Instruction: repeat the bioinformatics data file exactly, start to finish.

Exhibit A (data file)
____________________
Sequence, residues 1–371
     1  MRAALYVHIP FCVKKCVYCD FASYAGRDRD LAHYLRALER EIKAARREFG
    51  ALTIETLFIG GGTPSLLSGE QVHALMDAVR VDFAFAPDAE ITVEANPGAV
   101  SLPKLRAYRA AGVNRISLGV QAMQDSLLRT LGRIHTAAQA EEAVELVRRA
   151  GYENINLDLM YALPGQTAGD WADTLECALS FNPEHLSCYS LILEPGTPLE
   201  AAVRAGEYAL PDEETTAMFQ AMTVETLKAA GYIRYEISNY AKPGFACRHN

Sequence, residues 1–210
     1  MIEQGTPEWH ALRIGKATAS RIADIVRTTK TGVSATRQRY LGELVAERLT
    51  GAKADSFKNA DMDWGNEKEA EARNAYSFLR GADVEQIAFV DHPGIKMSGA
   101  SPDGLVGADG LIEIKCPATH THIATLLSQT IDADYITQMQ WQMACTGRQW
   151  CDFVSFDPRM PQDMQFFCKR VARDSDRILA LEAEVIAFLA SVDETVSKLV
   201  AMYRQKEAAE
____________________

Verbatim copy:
Sequence, residues 1–371
     1  MRAALYVHIP FCVKKCVYCD FASYAGRDRD LAHYLRALER EIKAARREFG
    51  ALTIETLFIG GGTPSLLSGE QVHALMDAVR VDFAFAPDAE ITVEANPGAV
   101  SLPKLRAYRA AGVNRISLGV QAMQDSLLRT LGRIHTAAQA EEAVELVRRA
   151  GYENINLDLM YALPGQTAGD WADTLECALS FNPEHLSCYS LILEPGTPLE
   201  AAVRAGEYAL PDEETTAMFQ AMTVETLKAA GYIRYEISNY AKPGFACRHN

Sequence, residues 1–210
     1  MIEQGTPEWH ALRIGKATAS RIADIVRTTK TGVSATRQRY LGELVAERLT
    51  GAKADSFKNA DMDWGNEKEA EARNAYSFLR GADVEQIAFV DHPGIKMSGA
   101  SPDGLVGADG LIEIKCPATH THIATLLSQT IDADYITQMQ WQMACTGRQW
   151  CDFVSFDPRM PQDMQFFCKR VARDSDRILA LEAEVIAFLA SVDETVSKLV
   201  AMYRQKEAAE